7. Apparatus for drying a fabric comprising a heating chamber having an entry port at one end and an exit port at its opposite end, a tenter frame conveyor for conveying fabric through said chamber from entry port to the exit port, means for supplying superheated steam to said chamber at one side thereof at one side of the fabric, means for evacuating steam from said chamber from the opposite side of the fabric, and means for distributing the steam uniformly along the length and Width of the fabric as the fabric passes through the chamber comprising a perforated member extending for the length and width of said chamber and having an upper surface facing the fabric that is inclined downwardly from the steam supply side of the chamber to the opposite side thereof, and a pair of parallel, spaced, perforated plates positioned in said chamber above said perforated member but below the fabric, said plates being differently perforated so that the steam has to travel a circuitous route through them to reach the fabric.

8. Apparatus for drying a fabric comprising a heating chamber having an entry port at one end and an exit port at its opposite end, a tenter frame conveyor for conveying fabric through said chamber from entry port to the exit port, means for supplying superheated steam to said chamber at one side thereof at one side of the fabric, means for evacuating steam from said chamber from the opposite side of the fabric, and means for distributing the steam uniformly along the length and Width of the fabric as the fabric passes through the chamber comprising a perforated member extending for the length and width of said chamber and having an upper surface facing the fabric that is inclined downwardly from the steam supply side of the chamber to the opposite side thereof, a pair of parallel, spaced, perforated plates positioned in said chamber above said perforated member but below the fabric, said plates being differently perforated so that the steam has to travel a circuitous route through them to reach the fabric, and a perforated plate positioned above the fabric in parallelism to said pair of spaced plates and for equalizing evacuation of the steam through the fabric.

9. Apparatus for drying a fabric, comprising ,a heating chamber having an entry port at one end. and anexitport at its opposite end, a tenter, frame conveyorfor conveying fabric through said chamber frornentry port to the exit port, means for supplying superheated steam under greater than atmospheric pressure to said, chamber at one side of the fabric only, means for evacuating steam from the chamber from the opposite side of the fabric to thereby cause the steam to pass through the interstices of, the fabric, and means positioned at said one side of the fabric for distributing the steam uniformly along the length and width of the fabric as the fabric passes through said chamber, and a plurality of spaced rods positioned in said chamber to extend transversely thereof close to said opposite side of the fabric for limiting billowing of the fabric under pressure of the steam.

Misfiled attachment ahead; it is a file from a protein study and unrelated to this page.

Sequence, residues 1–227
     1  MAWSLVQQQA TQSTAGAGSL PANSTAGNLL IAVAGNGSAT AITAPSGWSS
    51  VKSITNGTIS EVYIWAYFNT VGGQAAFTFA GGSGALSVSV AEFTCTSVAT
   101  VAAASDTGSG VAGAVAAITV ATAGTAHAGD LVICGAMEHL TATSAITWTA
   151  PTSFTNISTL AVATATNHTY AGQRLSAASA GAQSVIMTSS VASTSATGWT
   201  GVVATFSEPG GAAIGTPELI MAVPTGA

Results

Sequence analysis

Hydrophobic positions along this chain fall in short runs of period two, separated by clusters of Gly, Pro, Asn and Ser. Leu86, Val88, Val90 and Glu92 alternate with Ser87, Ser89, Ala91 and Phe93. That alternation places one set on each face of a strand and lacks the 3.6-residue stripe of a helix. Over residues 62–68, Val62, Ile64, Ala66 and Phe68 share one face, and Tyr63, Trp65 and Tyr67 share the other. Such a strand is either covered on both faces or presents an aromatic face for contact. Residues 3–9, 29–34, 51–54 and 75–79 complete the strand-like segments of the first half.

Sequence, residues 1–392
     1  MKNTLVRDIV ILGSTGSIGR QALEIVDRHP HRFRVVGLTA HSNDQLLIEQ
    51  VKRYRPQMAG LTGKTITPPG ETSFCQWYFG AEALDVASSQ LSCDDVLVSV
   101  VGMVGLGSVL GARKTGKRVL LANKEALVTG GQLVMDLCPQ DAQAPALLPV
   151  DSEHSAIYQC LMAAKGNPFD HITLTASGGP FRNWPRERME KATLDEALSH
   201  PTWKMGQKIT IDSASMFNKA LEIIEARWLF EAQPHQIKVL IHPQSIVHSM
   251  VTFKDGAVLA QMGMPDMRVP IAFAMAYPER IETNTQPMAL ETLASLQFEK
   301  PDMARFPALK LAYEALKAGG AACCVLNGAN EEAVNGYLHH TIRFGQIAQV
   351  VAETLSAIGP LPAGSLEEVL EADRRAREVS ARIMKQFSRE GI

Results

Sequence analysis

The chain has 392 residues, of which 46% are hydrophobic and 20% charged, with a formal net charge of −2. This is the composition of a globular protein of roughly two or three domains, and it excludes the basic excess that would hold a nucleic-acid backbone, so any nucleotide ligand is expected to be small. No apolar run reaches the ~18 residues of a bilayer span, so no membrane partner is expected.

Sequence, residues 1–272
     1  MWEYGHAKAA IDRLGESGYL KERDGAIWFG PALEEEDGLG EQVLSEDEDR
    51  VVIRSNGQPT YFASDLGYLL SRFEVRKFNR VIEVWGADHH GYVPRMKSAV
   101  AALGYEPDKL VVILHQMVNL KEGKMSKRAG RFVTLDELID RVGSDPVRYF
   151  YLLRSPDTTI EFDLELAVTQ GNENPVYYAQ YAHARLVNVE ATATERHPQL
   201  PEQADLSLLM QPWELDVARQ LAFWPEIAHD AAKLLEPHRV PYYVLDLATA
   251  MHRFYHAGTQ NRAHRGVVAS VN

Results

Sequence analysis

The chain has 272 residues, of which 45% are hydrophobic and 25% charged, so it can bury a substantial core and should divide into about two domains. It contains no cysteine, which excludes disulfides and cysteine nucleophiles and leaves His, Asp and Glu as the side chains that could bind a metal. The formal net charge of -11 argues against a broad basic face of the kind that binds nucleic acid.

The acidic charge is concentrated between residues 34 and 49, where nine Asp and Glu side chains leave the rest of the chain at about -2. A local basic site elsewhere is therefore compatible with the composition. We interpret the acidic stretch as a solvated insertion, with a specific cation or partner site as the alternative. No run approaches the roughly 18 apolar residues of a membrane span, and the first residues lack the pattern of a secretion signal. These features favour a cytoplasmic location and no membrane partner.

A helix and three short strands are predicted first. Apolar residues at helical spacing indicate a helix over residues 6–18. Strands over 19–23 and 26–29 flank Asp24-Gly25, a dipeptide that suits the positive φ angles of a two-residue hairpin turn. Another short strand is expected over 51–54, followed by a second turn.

10. Apparatus for drying a fabric comprisinga heating chamber having an entry port at one end and an exit port at its opposite end, a tenter frame conveyor, for conveying fabric through said chamber from entrycport to the exit port, means for supplying superheated steam under greater than atmospheric pressure to said chamber at one side of the fabric, means for evacuating steam from the chamber from the opposite side of the fabric to thereby cause the steam to pass through the interstices of the fabric, and means positioned at said one side of the fabric for distributing the steam uniformly along the length and width of the fabric as the fabric passes through, said, chamber, means for limiting billowing of the fabric under pressure of the steam, said last-named means comprising a plurality of spaced rods positioned in the chamber above the fabric in the direction of travel of the steam, and means for cooling said rods.

11. Apparatus for drying a fabric comprising a heating chamber having an entry port at one end and an exit port at its opposite end, means for conveying a fabric through said chamber from entry port to exit port, a supply duct at one side of said chamber to supply superheated steam to the chamber below the fabric, an exhaust duct for evacuating steam from said chamber after it has passed through the interstices of the fabric, a fan to the suction side of Which said exhaust duct is connected, a heat exchanger connected to the supply side of said fan and in turn connected to said supply duct, and means for supplying heat to said heat exchanger to continuously maintain the desired temperature of the superheated steam supplied to said chamber, and means mounted in one of said ducts and responsive to the temperature in said one duct for automatically reducing the temperature of the steam passing through said duct when there is no fabric in said chamber to balance the temperature in the ducts.